(A) The Council retains its current form and geographic scope, i.e. no change
Let us suppose that the Recovery Board declines to move Anglesey County Council into the commissioner stage and its current structure remains in place. It is likely that WAG will appoint a permanent MD sometime over the next months, with interim MD David Bowles remaining in place as a mentor until the end of his two year contract in October 2011. Certain councillors will be censored to various degrees by the Ombudsman and at some point the Recovery Board will declare themselves satisfied with progress and be disbanded. The next local government elections will then be held in May 2012. The questions we have to ask are these:
- In a post-Bowles and post-Recovery Board world will councillors revert to their old ways of personality politics and in-flighting?
- Will the manifestos which all independent groups are being forced to produce be sufficiently widely publicised and offer electors a sufficient degree of policy differentiation to allow them to make informed decisions about who to vote for?
- Will the next local elections in 2012 radically change the current make up of the council? i.e. will there be an infusion of "new blood" which will change the dynamic of the council in a positive direction? Or will all the old faces be returned as usual?
(B) The Council is taken over by the Welsh Assembly Government
In another scenario, the Recovery Board may come to the point that they believe that introducing WAG appointed commissioners is the only way forward. Indeed Rhian Medi's outburst may already be leading us in this direction as Plaid Cymru are apparently applying pressure for the Terms of Agreement to altered. However, whichever event 'triggers' this eventuality it will mean that all councillors will be immediately suspended (with a loss of their allowances) and all executive decisions will henceforth be made by unelected commissioners. The questions we have to ask are these:
- As we are entering a period of austerity cuts, are we happy in having unaccountable Assembly appointed commissioners without democratic legitimacy making decisions about which services in Anglesey to cut? I personally find this highly unpalatable.
- The council will not remain in commissioner stage forever. The commissioners will at some point make a recommendation on how the council should be structured in the future: meaning it will either (a) return to its current form following the holding of the local government elections in May 2012; or (b) be amalgamated with another council as the only way of ensuring that it does not return to its culture of personality politics and infighting. Which structure is most preferable?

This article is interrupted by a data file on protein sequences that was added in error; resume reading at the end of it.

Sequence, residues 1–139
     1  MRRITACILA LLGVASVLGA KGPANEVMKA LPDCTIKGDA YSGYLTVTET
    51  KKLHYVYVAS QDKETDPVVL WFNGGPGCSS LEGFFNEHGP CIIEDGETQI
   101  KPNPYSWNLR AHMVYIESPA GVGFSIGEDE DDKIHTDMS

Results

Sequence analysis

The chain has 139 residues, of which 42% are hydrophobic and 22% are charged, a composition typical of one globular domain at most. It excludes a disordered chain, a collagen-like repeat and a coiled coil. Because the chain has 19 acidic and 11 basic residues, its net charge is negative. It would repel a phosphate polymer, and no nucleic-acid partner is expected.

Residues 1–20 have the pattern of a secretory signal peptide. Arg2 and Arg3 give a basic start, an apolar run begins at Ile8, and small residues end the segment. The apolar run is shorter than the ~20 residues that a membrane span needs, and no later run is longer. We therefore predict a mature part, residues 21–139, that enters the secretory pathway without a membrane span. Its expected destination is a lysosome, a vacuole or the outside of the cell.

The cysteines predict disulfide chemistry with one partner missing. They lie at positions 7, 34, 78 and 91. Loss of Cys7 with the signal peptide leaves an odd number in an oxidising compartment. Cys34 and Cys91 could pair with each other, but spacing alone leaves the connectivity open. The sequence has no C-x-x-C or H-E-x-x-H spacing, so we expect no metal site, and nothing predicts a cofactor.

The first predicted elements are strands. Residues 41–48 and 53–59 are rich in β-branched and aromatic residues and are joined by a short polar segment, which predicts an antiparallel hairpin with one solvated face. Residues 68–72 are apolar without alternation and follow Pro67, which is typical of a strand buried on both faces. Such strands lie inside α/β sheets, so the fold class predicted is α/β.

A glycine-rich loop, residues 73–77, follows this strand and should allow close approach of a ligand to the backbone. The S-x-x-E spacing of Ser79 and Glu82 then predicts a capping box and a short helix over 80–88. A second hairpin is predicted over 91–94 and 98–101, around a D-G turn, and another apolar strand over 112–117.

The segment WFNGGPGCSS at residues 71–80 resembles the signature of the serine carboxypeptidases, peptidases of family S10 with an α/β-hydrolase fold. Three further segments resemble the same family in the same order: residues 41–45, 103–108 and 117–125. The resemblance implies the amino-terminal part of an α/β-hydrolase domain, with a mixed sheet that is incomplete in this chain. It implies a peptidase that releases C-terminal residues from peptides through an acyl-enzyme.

(C) The Council is re-amalgamated into Gwynedd County Council
This would probably seem the obvious remedy to the Welsh Assembly - after all, Anglesey was part of Gwynedd County Council until the local government reorganisations of the mid 1990s. This may also make sense considering that the current coalition government are planning to equalise Westminster constituency sizes meaning that our future MP will likely represent the current Anglesey and Arfon constituencies anyway. The questions we have to ask are:
- What has Gwynedd County Council done to deserve this?
- Should we as Anglesey residents be happy with having far fewer councillors and being just a part of a much larger council?
- Would Anglesey's specific needs to be catered for effectively by a larger council?
(D) An elected Mayor is appointed for Anglesey
A fourth scenario is the appointment of an elected Mayor for Anglesey, currently being agitated for by Albert Owen MP and John Chorlton (though as per yesterday's post I wonder just how serious they are about these proposals). To trigger a referendum, it would be necessary to collect certified signatures of around 5,000 Anglesey residents - by no means an impossible task. Assuming the referendum was then won, presumably a further election would be held to appoint the Mayor. Such a major change plus the fact that the candidates would need to campaign on a pan-Island manifesto would surely lead to great public interest, debate and scrutiny - by no means a bad thing. The success for failure of the system would surely rest on the competency of the appointed Mayor. The experience in Doncaster where an English Democrat was appointed as Mayor has proven disastrous and Doncaster Council has subsequently been taken into commissioner stage. The questions we have to ask are:
- What is the likely calibre of the persons putting themselves forward to be Mayor?
- Is it wise to place so much power in the hands of just one individual?
- Do we really need an elected MP, AM, and Mayor?
Having written the above I kind of find myself wishing there was a fifth option... none of these scenarios really fill me with much confidence.